There has been a lot of talk recently about eating clean but many of the people I talk to don’t really understand what it means and therefore don’t realize how easy it can be.  There seems to be quite a bit of confusion about what clean eating really is.

Here are some of the misconceptions about clean eating that I have run across:

  • Clean eating has to be all organic foods
  • You can’t eat meat and eat clean
  • Clean eating means no sweets and no dessert
  • Eating clean is a big sacrifice (and very expensive)
  • You have to eat clean 100% of the time

First, let’s define what clean eating really is and then we’ll debunk the misconceptions.  Clean eating is simply eating foods in their most natural form.  The most natural form is without pesticides, preservatives, hormones, additives, antibiotics or anything else that has been used to alter the foods.  Eating foods in their most natural form is essential for our overall health.  Our bodies were not designed to process foods with added chemicals and preservatives – those are things that food manufacturers have added to create larger crops, protect the crops from unwanted pests, quickly fatten up animals, reduce production costs, and extend that food’s shelf life.  While the reduction in production costs translates into savings for the consumer, it is often at the higher long-term price of our health and wellness.

So how do you eat clean (and clear up the misconceptions)?

  • You do NOT need to eat all organic foods.  It is best to buy organic whenever possible but sometimes that is a little too cost prohibitive.  If cost is a consideration, buy organic for the produce that you would leave the skin on and meat and dairy items.  Fruits such as bananas and watermelon are fine to buy conventionally because of the thick skin.  But for produce such as apples, grapes, cherries, spinach, kale, and green beans, it is best to buy organic because you are consuming the skin.
  • You CAN eat meat and still eat clean.  This requires a little more knowledge though to make the healthiest choices.  Because there are not many regulations in the US over words like “free range”, “natural”, and “antibiotic free”, we sometimes make assumptions that these are good for us.  For beef, grass-fed organic beef is best.  Corn feed is not something that cows would naturally eat.  Cattle do not need to be given antibiotics or growth hormones to fatten them up quickly.  Allowing them to graze in their natural environment leads to healthier, disease free beef.  With poultry, you want to look for free-range organic chicken.  As with beef, these chickens are not given growth hormones or antibiotics and are leaner than caged animals (and healthier).  With fish, wild caught is preferable over farm-raised.  Ideally, look for meats that are raised in the most natural environment as possible.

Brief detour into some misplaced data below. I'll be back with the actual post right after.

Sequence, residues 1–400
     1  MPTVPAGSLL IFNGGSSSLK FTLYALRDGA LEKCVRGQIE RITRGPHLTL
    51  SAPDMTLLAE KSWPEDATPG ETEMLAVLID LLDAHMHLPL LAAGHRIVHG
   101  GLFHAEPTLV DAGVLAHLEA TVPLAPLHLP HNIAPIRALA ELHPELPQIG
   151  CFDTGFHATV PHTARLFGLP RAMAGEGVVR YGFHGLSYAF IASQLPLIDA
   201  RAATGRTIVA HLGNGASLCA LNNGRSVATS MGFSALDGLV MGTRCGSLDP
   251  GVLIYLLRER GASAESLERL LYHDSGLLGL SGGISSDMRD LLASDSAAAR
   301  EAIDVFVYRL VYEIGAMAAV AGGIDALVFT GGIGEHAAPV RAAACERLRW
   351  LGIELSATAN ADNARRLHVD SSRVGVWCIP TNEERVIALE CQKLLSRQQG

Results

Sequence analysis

• Perhaps the best news of all is that you can still eat clean and enjoy dessert!  SWEET!  The key to keeping sweets clean is to use natural sweeteners.  On packaged goods, be sure to read labels carefully.  Sugar is often cleverly disguised as many different ingredients such as sugar, corn syrup, or cane juice.  Even though these things are not called sugar, that is what they really are, just in different forms.  However, there are many natural sweeteners that can be substituted for artificial sweeteners.  Organic honey, organic maple syrup, and stevia are excellent substitutions.
  • Eating clean not a big sacrifice and will save you money in the long run (not to mention reduce the impact on our environment).  Adding more real foods to my family’s diet was much easier than I thought and didn’t cost us any more money or any additional time.  It’s just as quick and easy to slice up and saute a few vegetables and cook some quinoa (here’s my recipe for quinoa and veggies) as it is to whip up a box of macaroni and cheese.  Mac and cheese is just a side dish while quinoa and veggies is a complete meal and easy enough to double the recipe to make extra for leftovers.  There are several other quick and easy clean eating recipes on my blog.  For some families, eating clean is a big change but you definitely don’t have to make a big sacrifice for it.  Bags of frozen vegetables are even a good way to make it simpler and less expensive to eat clean.  Just be sure to read the ingredients list to make sure nothing has been added.  My local grocery store has bags of frozen vegetables for $1 a bag.  I prefer to eat fresh foods but I keep several frozen items on hand for the times I can’t eat fresh for whatever reason.
  • Eating clean 100% of the time is ideal, but any little substitution you can make is great!  Over time, your body craves these healthy foods.  That might seem a little unbelievable depending on your current diet, but it’s true.  I was shocked when it happened to me!  I never thought I would crave certain foods with meals (like sauteed spinach….yum!).  But it happened!  All it took was making gradual substitutions and trying new things.  After a while, you’ll be eating more clean foods than unclean and loving it!  Start with one substitution and go from there!

A very short book I just read has more detailed information on eating clean and shopping for clean foods.  It’s only $2.99 from Amazon (click on the picture if you want to find out more about it or order) and gives many useful tips to help you eat clean when the majority of people don’t.

Does your family eat clean?  What changes can you easily make to start eating better today?

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